Rackspace Sues Notorious Patent Troll for Breach of Contract

Apr 08, 2013

describe the imageSan Antonio hosting company Rackspace has taken a bold stance against patent trolls with its recent suit against IP Navigation Group subsidiary Parallel Iron. The two companies had previously arranged a forbearance agreement, stating that either organization would give 30 days written notice before ever filing a suit. 


However, Parallel Iron allegedly broke that agreement when it filed claims that Rackspace infringed on three patents related to the open source Hadoop Distributed File System without notice.  This isn’t the first time that IP Nav has pulled a stunt like this, either, having filed 23 similar claims against a number of different companies since June of 2012. 


Rackspace’s Senior Vice President and General Counsel, Alan Schoenbaum, goes so far as to call IP Nav “The most notorious patent troll in America,” and mentions that Rackspace has seen a 500 percent increase in its legal costs defending itself against patent trolls.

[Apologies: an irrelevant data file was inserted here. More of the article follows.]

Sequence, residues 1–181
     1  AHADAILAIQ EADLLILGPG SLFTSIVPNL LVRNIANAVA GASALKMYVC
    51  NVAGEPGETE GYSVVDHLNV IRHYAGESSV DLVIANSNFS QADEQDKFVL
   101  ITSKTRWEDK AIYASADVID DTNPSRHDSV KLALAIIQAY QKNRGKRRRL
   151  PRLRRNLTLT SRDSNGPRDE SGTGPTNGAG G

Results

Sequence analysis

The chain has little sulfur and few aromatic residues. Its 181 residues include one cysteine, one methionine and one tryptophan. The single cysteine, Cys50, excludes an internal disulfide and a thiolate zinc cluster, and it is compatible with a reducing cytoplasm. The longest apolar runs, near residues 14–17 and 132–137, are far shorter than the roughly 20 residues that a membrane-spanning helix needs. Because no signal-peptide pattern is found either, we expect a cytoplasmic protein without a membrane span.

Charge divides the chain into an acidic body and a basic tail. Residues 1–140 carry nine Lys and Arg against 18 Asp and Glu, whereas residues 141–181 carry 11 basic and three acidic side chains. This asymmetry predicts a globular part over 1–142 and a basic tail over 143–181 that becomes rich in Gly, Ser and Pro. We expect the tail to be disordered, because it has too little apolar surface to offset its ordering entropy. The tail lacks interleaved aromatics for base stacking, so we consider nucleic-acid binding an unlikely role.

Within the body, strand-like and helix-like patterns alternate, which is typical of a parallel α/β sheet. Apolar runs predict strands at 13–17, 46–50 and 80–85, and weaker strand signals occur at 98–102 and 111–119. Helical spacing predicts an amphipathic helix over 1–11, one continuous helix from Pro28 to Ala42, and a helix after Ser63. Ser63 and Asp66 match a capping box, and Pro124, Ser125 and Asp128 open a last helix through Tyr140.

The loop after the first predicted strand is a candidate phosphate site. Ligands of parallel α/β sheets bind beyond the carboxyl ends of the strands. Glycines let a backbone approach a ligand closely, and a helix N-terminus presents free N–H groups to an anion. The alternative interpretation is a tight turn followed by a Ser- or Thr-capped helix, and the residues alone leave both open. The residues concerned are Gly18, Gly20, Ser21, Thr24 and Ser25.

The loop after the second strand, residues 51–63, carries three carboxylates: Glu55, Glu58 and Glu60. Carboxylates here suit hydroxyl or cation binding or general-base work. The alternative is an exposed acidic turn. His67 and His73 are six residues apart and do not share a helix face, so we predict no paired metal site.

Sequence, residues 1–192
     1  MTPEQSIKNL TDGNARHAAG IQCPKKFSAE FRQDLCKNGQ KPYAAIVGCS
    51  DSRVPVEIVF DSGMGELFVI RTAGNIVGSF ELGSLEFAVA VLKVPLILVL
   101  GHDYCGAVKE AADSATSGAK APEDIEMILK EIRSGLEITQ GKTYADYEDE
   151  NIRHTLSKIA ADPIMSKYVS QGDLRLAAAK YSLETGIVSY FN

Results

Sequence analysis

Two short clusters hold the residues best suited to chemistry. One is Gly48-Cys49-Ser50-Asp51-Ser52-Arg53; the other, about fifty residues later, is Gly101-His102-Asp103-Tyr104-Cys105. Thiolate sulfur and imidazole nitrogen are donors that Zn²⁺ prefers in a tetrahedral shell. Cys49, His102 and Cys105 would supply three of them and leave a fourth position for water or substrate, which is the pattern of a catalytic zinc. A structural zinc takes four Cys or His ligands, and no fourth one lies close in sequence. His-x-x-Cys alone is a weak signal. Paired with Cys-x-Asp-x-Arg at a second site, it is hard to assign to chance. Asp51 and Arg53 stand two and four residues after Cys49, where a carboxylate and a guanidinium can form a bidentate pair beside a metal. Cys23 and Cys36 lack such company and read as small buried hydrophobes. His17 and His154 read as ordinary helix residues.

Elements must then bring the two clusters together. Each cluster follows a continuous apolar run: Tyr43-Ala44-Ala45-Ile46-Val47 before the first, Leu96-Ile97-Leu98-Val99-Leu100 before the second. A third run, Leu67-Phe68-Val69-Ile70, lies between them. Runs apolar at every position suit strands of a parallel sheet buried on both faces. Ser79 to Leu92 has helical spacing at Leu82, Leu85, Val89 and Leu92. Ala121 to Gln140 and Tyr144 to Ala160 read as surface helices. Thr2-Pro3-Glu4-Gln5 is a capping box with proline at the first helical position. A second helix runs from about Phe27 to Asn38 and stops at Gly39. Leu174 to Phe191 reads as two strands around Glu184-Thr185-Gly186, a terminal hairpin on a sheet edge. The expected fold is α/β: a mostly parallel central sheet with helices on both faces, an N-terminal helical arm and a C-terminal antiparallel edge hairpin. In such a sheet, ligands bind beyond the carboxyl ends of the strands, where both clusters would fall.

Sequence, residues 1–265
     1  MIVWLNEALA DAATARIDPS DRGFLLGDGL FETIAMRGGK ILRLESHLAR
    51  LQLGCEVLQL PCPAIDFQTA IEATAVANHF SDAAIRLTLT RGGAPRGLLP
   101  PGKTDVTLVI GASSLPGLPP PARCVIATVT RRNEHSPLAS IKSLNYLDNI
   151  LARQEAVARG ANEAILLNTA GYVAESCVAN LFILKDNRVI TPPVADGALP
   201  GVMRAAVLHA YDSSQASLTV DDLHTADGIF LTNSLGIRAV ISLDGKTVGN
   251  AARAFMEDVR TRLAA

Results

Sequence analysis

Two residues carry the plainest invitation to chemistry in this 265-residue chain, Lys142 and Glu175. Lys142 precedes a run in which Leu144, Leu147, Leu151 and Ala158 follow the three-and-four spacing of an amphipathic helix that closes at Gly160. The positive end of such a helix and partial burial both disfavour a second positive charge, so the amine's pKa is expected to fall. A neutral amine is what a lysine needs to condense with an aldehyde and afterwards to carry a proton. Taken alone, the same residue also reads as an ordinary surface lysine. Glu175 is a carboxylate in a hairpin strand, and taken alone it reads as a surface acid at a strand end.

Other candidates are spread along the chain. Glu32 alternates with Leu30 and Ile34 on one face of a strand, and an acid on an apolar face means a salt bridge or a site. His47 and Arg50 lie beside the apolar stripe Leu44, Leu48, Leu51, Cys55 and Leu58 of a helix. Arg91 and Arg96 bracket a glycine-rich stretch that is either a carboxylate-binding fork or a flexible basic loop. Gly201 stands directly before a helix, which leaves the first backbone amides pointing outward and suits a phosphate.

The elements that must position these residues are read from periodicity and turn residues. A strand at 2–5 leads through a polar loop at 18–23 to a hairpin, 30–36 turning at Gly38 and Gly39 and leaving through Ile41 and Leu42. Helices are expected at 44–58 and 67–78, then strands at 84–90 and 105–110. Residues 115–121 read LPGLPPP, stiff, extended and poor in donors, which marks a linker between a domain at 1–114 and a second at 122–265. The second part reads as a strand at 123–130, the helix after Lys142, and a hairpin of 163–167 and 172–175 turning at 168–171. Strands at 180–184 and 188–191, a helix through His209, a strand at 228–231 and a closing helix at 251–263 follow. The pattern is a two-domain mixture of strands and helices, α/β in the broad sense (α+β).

Like some of the other big companies that have spoken out about patent trolls, Rackspace recognizes the impact they have on innovation and technological advancement.  Companies like IP Nav who are “looking for a quick cash-grab” are currently flooding the IP legal system, and Rackspace is making it clear that it’s fed up. 


Schoenbaum says of this particular suit that the goal “Is to highlight the tactics that IP Nav uses to divert hard-earned profits and precious capital from American businesses. This time, the patent troll should pay us."  Rackspace is seeking damages for breach of contract and for the court to declare that the company has not infringed on Parallel Iron’s patents. 


In a recent blog entry on the company’s website, Schoenbaum tells readers that “Patent trolls like IP Nav are a serious threat to business and to innovation. Patent trolls brazenly use questionable tactics to force settlements from legitimate businesses that are merely using computers and software as they are intended. These defendants, including most of America’s most innovative companies, are not copying patents or stealing from the patent holders. They often have no knowledge of these patents until they are served with a lawsuit. This is unjust.”





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